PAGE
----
Friday, January 4, 2008


I've played in one pro-am golf tournament, a few years ago during the local LPGA tour stop. We lucked out: Our partner was Rosie Jones, a great golfer and an even better person. You can learn a lot about golf, and more about life, walking fairways with Rosie.

After yet another unmemorable dead-left duck-hook, I turned to Rosie's caddy and deadpanned: Who's the best out here? Serious question, though I did not give it much thought. The looper incredulously replied: Anika. Of course, I thought, kicking myself like Chris Farley; how can you be so stupid!

Embarrassed, I pressed on. What makes her so good? I asked, expecting a technically athletic -- she's a great putter, a straight hitter, a whatever -- reply. His response: She gives herself more chances -- birdie putts inside 15 feet -- to score than anyone out here. Simplistic, logical and poignant.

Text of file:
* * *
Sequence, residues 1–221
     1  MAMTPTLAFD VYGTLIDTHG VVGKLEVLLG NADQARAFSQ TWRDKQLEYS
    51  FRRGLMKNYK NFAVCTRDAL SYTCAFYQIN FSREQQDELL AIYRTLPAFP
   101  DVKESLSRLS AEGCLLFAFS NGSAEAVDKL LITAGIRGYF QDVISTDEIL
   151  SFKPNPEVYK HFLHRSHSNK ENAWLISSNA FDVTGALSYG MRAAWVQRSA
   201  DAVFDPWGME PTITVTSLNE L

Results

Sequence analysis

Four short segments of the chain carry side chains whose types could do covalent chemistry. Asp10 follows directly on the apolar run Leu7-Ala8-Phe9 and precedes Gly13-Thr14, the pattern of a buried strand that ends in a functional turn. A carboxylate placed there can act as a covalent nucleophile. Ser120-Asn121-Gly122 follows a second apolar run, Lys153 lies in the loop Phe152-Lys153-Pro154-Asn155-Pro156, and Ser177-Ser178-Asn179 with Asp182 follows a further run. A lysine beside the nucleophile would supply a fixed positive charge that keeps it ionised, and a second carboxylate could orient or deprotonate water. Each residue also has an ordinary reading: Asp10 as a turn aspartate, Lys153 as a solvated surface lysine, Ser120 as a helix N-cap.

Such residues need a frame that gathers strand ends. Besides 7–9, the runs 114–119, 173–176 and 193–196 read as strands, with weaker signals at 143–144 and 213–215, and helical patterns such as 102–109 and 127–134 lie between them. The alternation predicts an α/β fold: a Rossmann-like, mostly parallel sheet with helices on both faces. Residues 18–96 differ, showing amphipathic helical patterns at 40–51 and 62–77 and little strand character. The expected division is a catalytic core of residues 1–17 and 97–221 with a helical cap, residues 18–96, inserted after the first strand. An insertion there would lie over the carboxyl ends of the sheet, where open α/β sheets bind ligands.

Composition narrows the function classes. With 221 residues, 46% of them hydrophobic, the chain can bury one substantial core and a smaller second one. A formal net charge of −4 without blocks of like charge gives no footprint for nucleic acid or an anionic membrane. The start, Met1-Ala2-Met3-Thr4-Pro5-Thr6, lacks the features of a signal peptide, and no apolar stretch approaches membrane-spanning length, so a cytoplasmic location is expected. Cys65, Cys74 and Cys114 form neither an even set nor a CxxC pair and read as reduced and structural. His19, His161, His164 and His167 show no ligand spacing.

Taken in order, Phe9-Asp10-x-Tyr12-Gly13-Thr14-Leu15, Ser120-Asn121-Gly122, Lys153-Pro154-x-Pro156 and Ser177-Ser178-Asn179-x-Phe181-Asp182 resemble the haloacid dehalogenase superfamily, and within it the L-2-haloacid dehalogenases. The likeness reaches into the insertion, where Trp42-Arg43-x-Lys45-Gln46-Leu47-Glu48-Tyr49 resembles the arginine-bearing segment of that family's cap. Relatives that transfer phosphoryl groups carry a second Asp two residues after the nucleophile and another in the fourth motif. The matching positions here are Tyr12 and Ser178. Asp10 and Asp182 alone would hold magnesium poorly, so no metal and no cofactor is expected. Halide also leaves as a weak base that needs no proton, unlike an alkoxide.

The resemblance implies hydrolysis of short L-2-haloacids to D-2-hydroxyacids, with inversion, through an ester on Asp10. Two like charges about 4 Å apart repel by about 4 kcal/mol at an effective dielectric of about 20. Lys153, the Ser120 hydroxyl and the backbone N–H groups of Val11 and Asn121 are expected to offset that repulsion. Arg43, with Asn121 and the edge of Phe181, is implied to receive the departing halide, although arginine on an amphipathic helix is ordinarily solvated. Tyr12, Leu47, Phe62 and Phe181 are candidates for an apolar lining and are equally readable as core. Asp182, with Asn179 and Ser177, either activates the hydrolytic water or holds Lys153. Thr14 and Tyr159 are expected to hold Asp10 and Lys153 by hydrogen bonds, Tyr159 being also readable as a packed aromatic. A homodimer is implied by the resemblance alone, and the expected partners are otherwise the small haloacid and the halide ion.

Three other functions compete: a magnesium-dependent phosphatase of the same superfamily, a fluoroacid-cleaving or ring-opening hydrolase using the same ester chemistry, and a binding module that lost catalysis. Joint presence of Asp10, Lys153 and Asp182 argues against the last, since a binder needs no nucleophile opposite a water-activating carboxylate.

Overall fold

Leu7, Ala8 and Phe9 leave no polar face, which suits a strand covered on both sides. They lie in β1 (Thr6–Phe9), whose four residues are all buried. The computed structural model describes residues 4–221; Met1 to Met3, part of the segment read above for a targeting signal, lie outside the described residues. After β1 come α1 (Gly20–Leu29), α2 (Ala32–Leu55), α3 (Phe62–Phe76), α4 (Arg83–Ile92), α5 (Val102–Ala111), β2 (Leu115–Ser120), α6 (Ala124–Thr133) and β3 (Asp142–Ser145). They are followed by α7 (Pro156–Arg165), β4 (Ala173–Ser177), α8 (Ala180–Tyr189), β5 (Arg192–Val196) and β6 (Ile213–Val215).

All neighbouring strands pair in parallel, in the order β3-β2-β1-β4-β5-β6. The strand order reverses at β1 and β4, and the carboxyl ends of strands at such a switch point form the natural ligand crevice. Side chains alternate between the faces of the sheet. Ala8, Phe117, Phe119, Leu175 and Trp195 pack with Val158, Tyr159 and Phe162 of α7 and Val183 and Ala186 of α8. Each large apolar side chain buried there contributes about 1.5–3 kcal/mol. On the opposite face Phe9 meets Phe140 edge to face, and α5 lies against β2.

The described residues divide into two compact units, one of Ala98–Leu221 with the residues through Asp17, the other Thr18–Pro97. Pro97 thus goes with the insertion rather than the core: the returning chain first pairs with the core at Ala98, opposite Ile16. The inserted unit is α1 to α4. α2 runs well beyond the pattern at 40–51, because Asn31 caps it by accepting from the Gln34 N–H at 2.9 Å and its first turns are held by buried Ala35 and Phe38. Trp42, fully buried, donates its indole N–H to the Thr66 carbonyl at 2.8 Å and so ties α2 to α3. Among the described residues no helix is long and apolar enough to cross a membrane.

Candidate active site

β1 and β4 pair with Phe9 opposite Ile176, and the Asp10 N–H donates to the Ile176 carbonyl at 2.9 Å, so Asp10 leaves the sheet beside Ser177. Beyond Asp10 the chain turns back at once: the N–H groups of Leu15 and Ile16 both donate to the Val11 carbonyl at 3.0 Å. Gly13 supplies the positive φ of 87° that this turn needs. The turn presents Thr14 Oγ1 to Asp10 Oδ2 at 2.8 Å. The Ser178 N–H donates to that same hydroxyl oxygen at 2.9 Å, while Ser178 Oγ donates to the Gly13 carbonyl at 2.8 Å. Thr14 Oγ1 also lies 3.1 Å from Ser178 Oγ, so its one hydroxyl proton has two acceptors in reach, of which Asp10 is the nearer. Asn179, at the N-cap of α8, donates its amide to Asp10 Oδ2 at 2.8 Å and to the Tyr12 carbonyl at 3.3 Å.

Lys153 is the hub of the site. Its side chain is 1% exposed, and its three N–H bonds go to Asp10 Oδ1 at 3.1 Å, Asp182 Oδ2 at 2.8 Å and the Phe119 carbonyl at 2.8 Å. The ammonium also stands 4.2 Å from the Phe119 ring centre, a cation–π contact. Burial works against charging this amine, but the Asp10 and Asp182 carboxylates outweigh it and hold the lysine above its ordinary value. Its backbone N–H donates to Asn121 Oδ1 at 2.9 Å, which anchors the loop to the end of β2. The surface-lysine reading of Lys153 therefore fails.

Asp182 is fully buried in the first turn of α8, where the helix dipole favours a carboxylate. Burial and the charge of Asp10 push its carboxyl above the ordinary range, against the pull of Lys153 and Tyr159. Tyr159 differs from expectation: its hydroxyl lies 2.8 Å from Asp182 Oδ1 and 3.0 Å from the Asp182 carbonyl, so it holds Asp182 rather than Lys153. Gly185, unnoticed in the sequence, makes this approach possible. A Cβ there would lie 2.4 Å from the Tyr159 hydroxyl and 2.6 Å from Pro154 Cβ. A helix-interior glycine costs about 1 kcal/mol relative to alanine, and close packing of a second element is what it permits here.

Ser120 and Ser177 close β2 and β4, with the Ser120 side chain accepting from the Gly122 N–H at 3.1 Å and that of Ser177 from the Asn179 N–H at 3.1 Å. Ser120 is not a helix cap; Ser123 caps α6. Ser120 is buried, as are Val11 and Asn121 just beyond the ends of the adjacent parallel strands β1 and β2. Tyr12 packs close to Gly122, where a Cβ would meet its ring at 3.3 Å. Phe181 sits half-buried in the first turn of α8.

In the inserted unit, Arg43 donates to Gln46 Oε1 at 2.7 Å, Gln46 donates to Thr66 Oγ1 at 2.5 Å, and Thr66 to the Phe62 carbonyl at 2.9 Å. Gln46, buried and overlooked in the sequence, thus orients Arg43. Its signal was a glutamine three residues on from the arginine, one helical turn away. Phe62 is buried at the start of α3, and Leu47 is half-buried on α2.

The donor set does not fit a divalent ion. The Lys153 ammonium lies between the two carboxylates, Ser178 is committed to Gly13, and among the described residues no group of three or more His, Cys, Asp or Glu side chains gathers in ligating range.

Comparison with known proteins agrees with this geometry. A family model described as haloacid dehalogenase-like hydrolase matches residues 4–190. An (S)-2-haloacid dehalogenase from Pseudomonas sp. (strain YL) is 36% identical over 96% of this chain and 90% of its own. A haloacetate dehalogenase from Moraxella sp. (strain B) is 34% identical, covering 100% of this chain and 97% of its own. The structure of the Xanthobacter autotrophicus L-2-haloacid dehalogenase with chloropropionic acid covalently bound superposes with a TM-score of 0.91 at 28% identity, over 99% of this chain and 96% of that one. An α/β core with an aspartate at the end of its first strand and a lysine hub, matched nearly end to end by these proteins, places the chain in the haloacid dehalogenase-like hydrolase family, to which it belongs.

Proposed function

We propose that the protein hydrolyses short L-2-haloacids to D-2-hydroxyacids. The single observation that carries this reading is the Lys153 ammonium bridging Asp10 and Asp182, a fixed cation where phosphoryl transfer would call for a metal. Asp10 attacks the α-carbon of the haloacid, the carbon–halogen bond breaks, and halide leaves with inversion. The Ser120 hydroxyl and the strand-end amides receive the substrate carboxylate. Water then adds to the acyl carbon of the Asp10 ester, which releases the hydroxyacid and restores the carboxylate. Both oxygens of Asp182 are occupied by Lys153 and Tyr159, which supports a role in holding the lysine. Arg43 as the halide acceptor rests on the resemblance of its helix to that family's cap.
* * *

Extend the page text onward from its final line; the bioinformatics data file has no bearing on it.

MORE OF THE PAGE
It took me three years to analogize Annika's greatness and Rosie's caddy's wisdom with business. What makes a business (or a businessperson) so good? The competencies and assets of an organization or individual are obvious; they're antes for being in the game. Differentiation (and success) comes from maximizing the quantity and quality of chances you or your company have to prosper. Success crescendos when you knock it (your proposition or effort) close to the hole, often. The more short puts you have, the more likely you are to excel. The shorter the puts, ibid times two.

Making a 60-foot put is exhilarating, but it's a tough way to run a business or hack through life. Stroking a continuum of 10-footers -- better yet, tap-ins -- is a much more fruitful existence, and creating such chances is the root of prosperity. Better to be good than lucky.

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